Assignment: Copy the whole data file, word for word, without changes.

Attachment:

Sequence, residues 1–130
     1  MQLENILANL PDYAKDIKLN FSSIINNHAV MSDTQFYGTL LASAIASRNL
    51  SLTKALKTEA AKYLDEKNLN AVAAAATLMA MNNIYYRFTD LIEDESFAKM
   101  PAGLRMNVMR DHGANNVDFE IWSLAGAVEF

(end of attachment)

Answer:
Sequence, residues 1–130
     1  MQLENILANL PDYAKDIKLN FSSIINNHAV MSDTQFYGTL LASAIASRNL
    51  SLTKALKTEA AKYLDEKNLN AVAAAATLMA MNNIYYRFTD LIEDESFAKM
   101  PAGLRMNVMR DHGANNVDFE IWSLAGAVEF